Wednesday, September 28, 2005

Was your support of Bush worth it, Mayor Koch?

The following is an op-ed piece I wrote for the October issue of The Philadelphia Jewish Voice (subscribe here).

When Mayor Ed Koch faced off with Congressman Gerry Nadler during the 2004 Presidential campaign at a local synagogue, he tried to make the case that Bush was better for Israel and therefore deserved the Jewish vote. At the same time he acknowledged that Democrats up and down the line were better on domestic issues and Jews should vote Democratic for Congress.
Given the almost complete lack of US impact on the peace process and the mounting failure that is Iraq, I’d be hard pressed to conclude that the Mayor’s first contention was correct. Based on the state of America today, his second conclusion was right on target, begging the question, was your support of Bush worth it Mayor Koch?

At the time I argued, all too frequently I’m afraid, that Jewish law and Jewish philosophy (certainly from my Conservative Jewish perspective) gave extremely clear direction on whom to support for President and Congress, even for the Pennsylvania legislature in 2004. As we look at the results of Republican rule during 17 of the past 25 years in comparison to Democratic rule for most of the preceding almost 45 years and the most recent 8 year respite, I see nothing but confirmation of my read of political reality: Democratic philosophy is in tune with Jewish philosophy while Republican philosophy is antithetical.

While far from an expert in Jewish studies, I see over and over again support in the Torah for a progressive, Democratic style of governing and challenges to regressive, Republican governing practices. The need for communal structures to enable a just society is clear as is the need for equitable financial support for those communal structures. Similar are the exhortations on integrity and competence in communal leadership. Perhaps of greatest import in looking at Democratic versus Republican governing philosophies is the recognition, repeated in daily prayers, of G-d as the source of whatever good fortune that may result from seemingly personal efforts.

Republican governing principles, brought to stunning clarity in the hurricane Katrina disaster, at the most basic level call for the absence of government wherever possible, leaving personal responsibility and individual charity to fill the gap; to eliminate non-security government function is divine, to outsource a close second.

The push towards elimination begins with Grover Norquist’s “starve the beast” strategy; tax cuts skewed to those least in need of spending cash, serving to put the biggest possible crimp in the federal budget. Further, with elimination as the goal, the “FEMA corollary” is inevitable; competence is no longer even a consideration, let alone a requirement for political appointees. At every turn we see the Torah’s teachings left by the way.

Juxtapose Bill Clinton’s year-after-year improvement in average wages and reduction in poverty rates, balanced-budgets, even budget surpluses and, in comparison, stunning competence in executive appointments against the largest budget deficits on record, worst employment record since Herbert Hoover, stagnant wages for all but the wealthiest of the wealthy, increasing poverty rates (wiping out nearly all of Clinton’s gains) and clear incompetence in executive appointees, and well, we really have to ask Mayor Koch, was your support of Bush worth it?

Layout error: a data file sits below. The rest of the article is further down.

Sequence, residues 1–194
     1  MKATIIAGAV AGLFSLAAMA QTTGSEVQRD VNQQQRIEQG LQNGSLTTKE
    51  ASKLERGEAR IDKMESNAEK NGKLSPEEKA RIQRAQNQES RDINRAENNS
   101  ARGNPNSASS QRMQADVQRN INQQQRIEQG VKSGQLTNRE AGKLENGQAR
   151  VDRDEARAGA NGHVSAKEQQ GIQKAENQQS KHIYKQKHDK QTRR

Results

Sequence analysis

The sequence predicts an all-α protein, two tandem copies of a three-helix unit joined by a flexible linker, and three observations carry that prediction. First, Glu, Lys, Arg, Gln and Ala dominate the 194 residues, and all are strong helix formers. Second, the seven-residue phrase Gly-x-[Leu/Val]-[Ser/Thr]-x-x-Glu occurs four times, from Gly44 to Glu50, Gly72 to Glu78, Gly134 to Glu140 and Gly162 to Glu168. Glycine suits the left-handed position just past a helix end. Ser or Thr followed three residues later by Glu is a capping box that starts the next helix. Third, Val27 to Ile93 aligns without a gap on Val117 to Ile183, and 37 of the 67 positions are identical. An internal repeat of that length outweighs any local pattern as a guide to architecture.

At 11/14/2005 9:10 PM, Blogger Rep. Mark B. Cohen said...

Of course, his support wasn't worth it from a public policy point of view, but who knows what, if anything, he got out it in private renumeration of one kind or another.

I admired Koch's record as a New York City district leader, councilman, and Congressman. I was deeply disappointed in his performance as mayor: endlessly flirting with Republican politicians, Republican policies, and seeking unsuccessfully to get the Republican mayoral nomination.

The above obervations are based on his extensive public record as chronicled daily in the New York Times. But I had one disturbing personal encounter with him.

During his administration, I was a member and officer of the National Association of Jewish Legislators, an organization that meets during annual conventions of the National Association of Jewish Legislators. The President of NAJL was Assemblyman Alan Hevesi, now a statewide row officer in New York State.

Hevesi set up a meeting of NAJL members with Koch. I assumed that we would get a pleasant private meeting--its length depending on the vagaries of Koch's schedule-- in which he would reflect on what it was like to be a Jewish mayor in a rapidly changing city where the vast majority of American Jews have some roots.

Instead, we were greeted at a public event in which we were used as a media prop for Koch to showcase his hysterical opposition to affirmative action. I walked out with my opinion of Koch lowered dramatically. I was not at all disappointed when he lost to David Dinkins in the 1989 Democratic Mayoral primary.

In Philadelphia, we have had Democratic mayors continuously since 1951. The bitter racial and economic polarization that Koch helped to move to center state in New York City is a key reason why New York last elected a Democratic mayor in 1989, despite an overwhelming Democratic registration lead there.


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